Art and furnishings belonging to the late fashion photographer Richard Avedon will be sold by Sotheby's International in October, the auction house said.

Avedon, who lived and worked in a carriage house on Manhattan's Upper East Side, died last year at 81. The Oct. 14 auction in New York -- which doesn't include his own photographs -- is forecast to fetch from $275,000 to $400,000, according to Sotheby's.

The auction's objects provide a snapshot of the reclusive photographer's private world -- a loftlike one-bedroom apartment above his photography studio. Downstairs, Avedon worked on assignments for fashion and advertising clients; he maintained a full schedule and was working on a project for the New Yorker at his death.

The artist surrounded himself with objects he selected for their beauty and sentimental value. The sale will include a Victorian bed, with an estimated value of $6,000 to $8,000, and an Audubon print of a fox, expected to sell for $7,000 to $9,000.

"Avedon was a true collector in that these works and objects in his house and studio reflected his life and work and were near and dear to his heart," said Tim Hamilton, Sotheby's expert in charge of the sale. "He had a collecting eye with a twist. Many of these objects operated as muses." For example, Audubon's prints, like Avedon's own portraits, are dramatic portrayals of living creatures, Hamilton said.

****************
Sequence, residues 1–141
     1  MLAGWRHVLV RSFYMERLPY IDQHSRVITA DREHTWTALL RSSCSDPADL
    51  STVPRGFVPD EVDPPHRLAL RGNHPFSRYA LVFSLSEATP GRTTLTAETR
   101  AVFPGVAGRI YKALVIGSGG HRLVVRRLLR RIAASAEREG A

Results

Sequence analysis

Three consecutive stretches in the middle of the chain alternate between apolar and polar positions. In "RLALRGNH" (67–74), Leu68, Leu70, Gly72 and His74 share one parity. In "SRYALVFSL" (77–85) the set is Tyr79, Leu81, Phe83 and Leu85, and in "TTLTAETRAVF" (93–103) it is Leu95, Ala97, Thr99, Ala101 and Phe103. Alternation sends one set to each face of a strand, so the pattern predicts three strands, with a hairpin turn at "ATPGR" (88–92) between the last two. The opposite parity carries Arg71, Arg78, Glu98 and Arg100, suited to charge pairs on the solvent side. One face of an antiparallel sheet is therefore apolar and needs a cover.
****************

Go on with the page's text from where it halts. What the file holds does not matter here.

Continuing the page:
Other artworks include a 1969 silkscreen by pop artist Edward Ruscha titled "Cheese Mold Standard With Olive," with a high estimate of $16,000, and a 1953 floral still-life painting by Gloria Vanderbilt, estimated at $2,000 to $4,000. Two months ago, Sotheby's sale of artworks by Henri Matisse and Diego Giacometti from the Avedon estate brought $324,000.

Avedon's book-filled apartment was a cozy, unpretentious space designed for comfort and intellectual stimulation. Crisp white shelves lined the walls, contrasting with the heavy, dark-wood tables and chairs and punctuated by a bright red rug. Avedon's eclectic tastes are evident in his collection of lamps in the shape of cactuses and colorful Navajo blankets. One Navaho serape is expected to bring more than $20,000 at auction, Sotheby's said.

Avedon's own photographs and archival works belong to the newly formed Richard Avedon Foundation, said its executive director, Norma Stevens. The foundation will be responsible for coordinating the distribution of Avedon's photography by donation or sale to museums, libraries and scholarly institutions worldwide, Stevens said.

Photographer Richard Avedon's personal items will be sold Oct. 14.